Once friend made few photos for me. Park, people have rest. Friend gave me photos. Every photo was in two formats - TIFF and CR2.
TIFFs I use for editing, storage. From TIFFs I make JPEGs for blog.
What are the benefits of CR2?
The CR2 format is the Canon raw sensor data as opposed to an image. It is losslessly compressed. Some newer Canon cameras support CR3 format which can be compressed in a very slightly lossy manner.
I suspect the TIFF files were created from the CR2 files. Usually, cameras cannot store the pictures as TIFF; they can store as JPEG (heavily lossily compressed) or RAW (usually losslessly and sometimes very slightly lossily compressed).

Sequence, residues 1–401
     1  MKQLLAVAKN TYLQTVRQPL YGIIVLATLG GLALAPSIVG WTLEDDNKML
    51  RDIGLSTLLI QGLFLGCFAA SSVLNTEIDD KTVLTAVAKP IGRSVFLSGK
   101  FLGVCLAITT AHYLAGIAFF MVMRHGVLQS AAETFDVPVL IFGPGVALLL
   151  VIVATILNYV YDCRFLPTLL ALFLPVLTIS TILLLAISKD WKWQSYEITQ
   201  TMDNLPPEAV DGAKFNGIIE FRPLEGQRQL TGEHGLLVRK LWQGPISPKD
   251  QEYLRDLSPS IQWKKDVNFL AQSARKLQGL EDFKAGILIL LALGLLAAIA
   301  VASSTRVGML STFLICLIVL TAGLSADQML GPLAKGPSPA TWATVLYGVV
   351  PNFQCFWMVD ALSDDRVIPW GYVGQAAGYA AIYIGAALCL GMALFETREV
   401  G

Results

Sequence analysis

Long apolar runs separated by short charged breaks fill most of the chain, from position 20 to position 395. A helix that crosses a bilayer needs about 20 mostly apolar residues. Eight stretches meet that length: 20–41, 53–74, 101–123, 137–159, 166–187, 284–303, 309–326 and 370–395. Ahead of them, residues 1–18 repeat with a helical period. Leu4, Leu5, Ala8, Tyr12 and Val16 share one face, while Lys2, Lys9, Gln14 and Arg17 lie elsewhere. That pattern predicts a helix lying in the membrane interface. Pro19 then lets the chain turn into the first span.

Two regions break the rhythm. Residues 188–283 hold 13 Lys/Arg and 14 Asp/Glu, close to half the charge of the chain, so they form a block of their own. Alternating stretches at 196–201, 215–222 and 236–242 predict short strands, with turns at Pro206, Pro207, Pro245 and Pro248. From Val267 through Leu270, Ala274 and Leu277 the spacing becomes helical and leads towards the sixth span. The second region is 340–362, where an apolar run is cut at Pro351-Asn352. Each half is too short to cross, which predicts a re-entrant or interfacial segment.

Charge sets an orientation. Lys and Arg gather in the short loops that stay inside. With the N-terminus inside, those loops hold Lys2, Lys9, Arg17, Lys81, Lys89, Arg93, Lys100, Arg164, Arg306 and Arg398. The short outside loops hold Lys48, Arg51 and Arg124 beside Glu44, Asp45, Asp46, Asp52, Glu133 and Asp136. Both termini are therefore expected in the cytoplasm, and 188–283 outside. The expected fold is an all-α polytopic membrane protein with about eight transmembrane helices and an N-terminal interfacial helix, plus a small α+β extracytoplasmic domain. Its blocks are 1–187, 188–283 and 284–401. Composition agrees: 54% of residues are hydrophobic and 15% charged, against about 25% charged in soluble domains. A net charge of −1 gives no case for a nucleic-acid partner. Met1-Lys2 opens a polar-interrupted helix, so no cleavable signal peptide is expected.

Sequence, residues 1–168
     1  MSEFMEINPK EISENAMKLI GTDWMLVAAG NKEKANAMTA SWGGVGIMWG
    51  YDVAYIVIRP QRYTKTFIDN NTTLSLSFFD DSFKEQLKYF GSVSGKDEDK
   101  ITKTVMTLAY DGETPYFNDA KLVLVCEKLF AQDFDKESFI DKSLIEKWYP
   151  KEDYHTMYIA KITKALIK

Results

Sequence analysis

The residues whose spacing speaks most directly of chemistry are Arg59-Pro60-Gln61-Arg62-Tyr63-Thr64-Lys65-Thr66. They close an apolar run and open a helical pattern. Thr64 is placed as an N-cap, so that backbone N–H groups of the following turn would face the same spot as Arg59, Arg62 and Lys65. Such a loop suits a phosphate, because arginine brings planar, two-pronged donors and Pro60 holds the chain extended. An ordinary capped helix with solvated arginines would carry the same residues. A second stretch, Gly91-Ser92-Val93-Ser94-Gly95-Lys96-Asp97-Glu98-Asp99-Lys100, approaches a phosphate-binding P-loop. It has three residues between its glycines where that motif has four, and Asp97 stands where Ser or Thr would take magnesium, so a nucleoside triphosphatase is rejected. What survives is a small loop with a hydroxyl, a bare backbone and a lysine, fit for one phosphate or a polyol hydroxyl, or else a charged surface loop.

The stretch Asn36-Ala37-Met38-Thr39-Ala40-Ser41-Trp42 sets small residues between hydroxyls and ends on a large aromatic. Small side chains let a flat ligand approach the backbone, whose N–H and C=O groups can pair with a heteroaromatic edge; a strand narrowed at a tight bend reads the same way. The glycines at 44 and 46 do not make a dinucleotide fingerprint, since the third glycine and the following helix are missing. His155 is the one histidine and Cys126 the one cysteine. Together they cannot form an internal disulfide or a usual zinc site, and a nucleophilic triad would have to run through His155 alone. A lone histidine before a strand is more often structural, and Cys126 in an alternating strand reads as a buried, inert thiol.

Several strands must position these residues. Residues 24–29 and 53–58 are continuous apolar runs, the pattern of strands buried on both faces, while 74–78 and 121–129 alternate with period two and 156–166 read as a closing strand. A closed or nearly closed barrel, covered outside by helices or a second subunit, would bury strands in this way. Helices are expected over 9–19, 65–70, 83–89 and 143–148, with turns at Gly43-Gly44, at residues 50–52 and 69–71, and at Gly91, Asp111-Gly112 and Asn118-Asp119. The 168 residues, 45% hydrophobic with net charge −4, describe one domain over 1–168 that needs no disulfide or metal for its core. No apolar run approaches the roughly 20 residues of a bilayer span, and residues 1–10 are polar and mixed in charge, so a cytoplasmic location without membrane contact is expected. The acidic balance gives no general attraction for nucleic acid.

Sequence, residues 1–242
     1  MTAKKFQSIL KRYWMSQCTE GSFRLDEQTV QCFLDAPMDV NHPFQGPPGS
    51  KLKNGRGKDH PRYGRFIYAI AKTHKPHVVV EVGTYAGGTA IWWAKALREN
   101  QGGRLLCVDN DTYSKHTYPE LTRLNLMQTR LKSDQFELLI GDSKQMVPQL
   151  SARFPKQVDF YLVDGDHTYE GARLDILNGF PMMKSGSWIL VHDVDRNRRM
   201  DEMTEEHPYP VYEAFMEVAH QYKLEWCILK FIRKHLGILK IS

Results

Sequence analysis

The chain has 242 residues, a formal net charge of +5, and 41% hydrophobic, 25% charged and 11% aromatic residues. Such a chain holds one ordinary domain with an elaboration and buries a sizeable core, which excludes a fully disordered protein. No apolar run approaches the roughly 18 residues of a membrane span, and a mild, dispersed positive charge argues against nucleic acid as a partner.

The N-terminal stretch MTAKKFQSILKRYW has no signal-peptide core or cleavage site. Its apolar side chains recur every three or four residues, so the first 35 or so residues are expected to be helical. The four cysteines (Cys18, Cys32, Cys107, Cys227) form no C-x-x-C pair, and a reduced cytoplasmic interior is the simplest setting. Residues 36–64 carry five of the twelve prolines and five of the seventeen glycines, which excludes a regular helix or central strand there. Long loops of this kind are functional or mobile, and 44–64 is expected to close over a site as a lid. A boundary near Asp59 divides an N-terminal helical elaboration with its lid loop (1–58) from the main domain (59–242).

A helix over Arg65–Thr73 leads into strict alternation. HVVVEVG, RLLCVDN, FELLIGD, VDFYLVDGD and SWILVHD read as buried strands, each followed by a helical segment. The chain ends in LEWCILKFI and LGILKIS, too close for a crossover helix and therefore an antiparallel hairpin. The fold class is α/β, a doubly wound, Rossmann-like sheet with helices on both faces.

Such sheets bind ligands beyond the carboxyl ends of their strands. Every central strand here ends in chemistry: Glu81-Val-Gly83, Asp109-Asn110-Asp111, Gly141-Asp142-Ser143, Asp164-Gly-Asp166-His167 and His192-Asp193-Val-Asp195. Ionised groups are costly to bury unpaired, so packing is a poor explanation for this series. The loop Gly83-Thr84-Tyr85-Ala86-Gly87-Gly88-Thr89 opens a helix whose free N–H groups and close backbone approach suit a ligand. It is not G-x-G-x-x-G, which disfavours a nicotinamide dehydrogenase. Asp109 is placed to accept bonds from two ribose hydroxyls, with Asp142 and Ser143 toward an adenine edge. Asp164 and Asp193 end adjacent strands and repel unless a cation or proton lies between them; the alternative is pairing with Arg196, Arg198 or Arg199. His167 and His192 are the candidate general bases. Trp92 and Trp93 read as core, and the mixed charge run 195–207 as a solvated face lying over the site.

The TIFF file is one interpretation of the sensor data as an image. It has some demosaicing algorithm to convert the brightness values of the sensor behind the Bayer filter to colors of individual pixels. It has some denoising algorithm. It has some white balance settings. It has some exposure correction. It has some lens corrections. Most likely the photographer fine-tuned the settings to give the best possible image.
If you want to do the fine-tuning yourself, you need to open the CR2 files in an application such as Lightroom, Darktable, RawTherapee or Canon Digital Photo Professional. With the CR2 files, it is possible to e.g. change the white balance or exposure correction.
You may even find that over time, as computers become more powerful, they can better interpret the raw sensor data to form an image. An example of this is Digital Lens Optimizer which is now available in Canon Digital Photo Professional. You can use it for RAW files shot before the Digital Lens Optimizer was available. But for JPEGs you cannot use it.